After ~7 minutes reconvene the group and ask each group to share insights or questions from their conversations. Ensure that the group understands how Shin’s context and the safety of his community affects his interaction with Thurman’s original argument.   

Space for small group conversation if necessary; Shin’s essay for Thurman references  

15 minutes 



Transition to the final page of Shin’s essay. How does Shin still rely on a love-ethic as an antidote to hate?  

  • How might “transformative self-love” help Shin’s community heal, process, and work toward liberation? 
  • What might that transformative self-love look like? (Shin mentions communal lament and righteous indignation.)  

If your group is part of a particularly privileged demographic (e.g. white, upper middle class, highly educated, largely male, housing secure, etc.), invite them to consider the following questions and engage in discussion (feel free to encourage individual reflection first) 

  • Where do you find yourself in Shin’s argument? Do you?  
  • If you are not a member of Shin’s community or other ‘disinherited’ communities, how might you witness to and celebrate the type of self-love that Shin prescribes for his community?  
  • What are ways in your particular context that you might be able to stand in solidarity with ‘disinherited’ communities in order to further their liberation and the work of love?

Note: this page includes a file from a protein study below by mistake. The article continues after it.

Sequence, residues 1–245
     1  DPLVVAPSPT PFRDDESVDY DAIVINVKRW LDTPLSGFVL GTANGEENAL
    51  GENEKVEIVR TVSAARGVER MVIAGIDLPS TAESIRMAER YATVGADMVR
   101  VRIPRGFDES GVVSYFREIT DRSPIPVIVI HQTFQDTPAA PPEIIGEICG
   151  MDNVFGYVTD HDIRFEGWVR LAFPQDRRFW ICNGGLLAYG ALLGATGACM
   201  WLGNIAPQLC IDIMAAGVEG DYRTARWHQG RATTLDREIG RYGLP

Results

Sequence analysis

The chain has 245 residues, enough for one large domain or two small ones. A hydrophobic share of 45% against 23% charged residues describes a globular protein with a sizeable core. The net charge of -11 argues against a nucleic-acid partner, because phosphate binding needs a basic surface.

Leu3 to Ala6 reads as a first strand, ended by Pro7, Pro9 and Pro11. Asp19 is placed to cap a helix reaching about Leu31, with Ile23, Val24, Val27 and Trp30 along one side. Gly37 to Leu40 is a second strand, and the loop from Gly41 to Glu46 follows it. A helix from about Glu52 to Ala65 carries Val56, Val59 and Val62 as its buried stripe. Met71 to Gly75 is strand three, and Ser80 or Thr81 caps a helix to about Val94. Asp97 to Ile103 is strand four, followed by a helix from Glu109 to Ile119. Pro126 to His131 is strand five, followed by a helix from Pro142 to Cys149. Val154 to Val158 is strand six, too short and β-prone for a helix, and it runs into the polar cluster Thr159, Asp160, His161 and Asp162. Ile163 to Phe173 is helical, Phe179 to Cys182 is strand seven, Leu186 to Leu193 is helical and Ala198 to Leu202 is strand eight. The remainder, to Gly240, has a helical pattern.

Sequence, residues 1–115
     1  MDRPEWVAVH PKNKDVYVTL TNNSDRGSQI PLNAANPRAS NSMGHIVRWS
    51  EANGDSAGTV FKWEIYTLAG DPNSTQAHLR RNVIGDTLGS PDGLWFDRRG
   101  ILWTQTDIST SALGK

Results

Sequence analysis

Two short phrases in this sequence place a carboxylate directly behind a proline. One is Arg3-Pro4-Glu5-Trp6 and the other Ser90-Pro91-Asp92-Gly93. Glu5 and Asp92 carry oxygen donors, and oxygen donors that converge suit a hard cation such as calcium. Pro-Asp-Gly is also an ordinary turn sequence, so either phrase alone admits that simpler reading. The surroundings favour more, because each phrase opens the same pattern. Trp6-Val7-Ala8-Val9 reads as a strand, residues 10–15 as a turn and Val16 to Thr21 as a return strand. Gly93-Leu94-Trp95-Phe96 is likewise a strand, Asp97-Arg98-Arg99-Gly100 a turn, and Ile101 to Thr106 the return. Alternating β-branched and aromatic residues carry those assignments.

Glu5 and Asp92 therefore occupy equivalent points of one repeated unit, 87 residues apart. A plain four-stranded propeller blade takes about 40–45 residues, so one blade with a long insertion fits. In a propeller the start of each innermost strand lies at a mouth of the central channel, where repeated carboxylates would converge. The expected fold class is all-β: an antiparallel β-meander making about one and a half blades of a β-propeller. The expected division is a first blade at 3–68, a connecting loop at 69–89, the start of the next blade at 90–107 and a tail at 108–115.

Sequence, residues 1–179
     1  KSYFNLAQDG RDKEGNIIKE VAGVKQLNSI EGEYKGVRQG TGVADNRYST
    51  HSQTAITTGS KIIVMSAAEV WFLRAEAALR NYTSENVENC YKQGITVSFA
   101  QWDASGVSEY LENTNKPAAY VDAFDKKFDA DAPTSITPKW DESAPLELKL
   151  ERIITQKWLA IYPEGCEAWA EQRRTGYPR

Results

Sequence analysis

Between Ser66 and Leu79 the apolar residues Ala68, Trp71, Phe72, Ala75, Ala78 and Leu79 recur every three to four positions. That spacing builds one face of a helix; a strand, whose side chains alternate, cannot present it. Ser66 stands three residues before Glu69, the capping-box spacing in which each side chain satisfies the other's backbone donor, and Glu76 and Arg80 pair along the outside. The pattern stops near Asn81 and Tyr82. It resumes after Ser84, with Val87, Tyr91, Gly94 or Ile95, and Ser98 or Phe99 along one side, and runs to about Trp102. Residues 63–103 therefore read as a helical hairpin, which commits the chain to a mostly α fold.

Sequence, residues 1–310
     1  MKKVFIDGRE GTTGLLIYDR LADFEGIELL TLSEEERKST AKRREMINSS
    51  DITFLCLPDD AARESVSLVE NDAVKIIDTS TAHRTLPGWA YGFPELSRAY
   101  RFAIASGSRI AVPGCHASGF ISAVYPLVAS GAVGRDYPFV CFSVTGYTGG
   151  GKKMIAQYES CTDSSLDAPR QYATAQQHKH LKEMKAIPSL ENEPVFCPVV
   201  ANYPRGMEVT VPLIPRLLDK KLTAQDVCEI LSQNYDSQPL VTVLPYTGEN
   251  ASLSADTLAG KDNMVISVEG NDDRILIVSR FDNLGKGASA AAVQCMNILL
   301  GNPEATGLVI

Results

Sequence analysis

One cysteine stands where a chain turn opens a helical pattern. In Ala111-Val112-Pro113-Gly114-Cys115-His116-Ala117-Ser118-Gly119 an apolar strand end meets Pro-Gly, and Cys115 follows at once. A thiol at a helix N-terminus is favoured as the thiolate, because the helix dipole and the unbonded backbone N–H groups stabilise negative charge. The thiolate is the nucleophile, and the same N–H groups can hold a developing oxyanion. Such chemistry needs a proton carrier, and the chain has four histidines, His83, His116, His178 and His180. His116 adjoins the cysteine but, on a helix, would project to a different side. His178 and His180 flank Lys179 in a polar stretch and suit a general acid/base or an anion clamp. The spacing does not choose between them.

Reconvene the group and invite people to share their ideas and reflections based on their own unique social location. (If this sharing is better suited to occur in small groups in your context, facilitate that, then reconvene the broader group to hear reports from each cohort.)  

Pens and paper to use for personal reflection  

10 minutes  


As the class comes to a close, invite participants to connect their discussions about white supremacy and the burden of love to Christianity’s complicity in racism and sexism. Encourage them to call to mind scripture passages or stories that reject these narratives of false victimhood and instead advance theologies of liberation, justice, and the corporate good.  

  • Remind participants that the next lesson will shift to a ‘now what’ discussion about ways the group might live into an ethic of love in their own context. 
  • Close with prayer.  


Rationale or Explanation: 

This lesson works to generate a shared understanding of white supremacy, gendered violence, purity culture, and Christianity’s complicity in the interplay between those three violent realities while also encouraging participants to consider and affirm Shin’s critique of Thurman’s original argument. Rather than leave the essay as an effort at deconstruction, though, Shin moves to affirm the work of love by reframing as transformative self-love, embodied particularly in communal lament and righteous indignation. This lesson strives to guide participants to acknowledging and understanding that constructive move while also appropriately situating themselves within it.  

If a group is particularly privileged, this lesson might lend itself to a more repentant and reflective gathering as topics like white supremacy are explored in depth. If a group identifies as a ‘disinherited’ community (to use Thurman’s language), this lesson might provide space to engage in some of the practices Shin recommends as the group works to celebrate self-love and further liberation.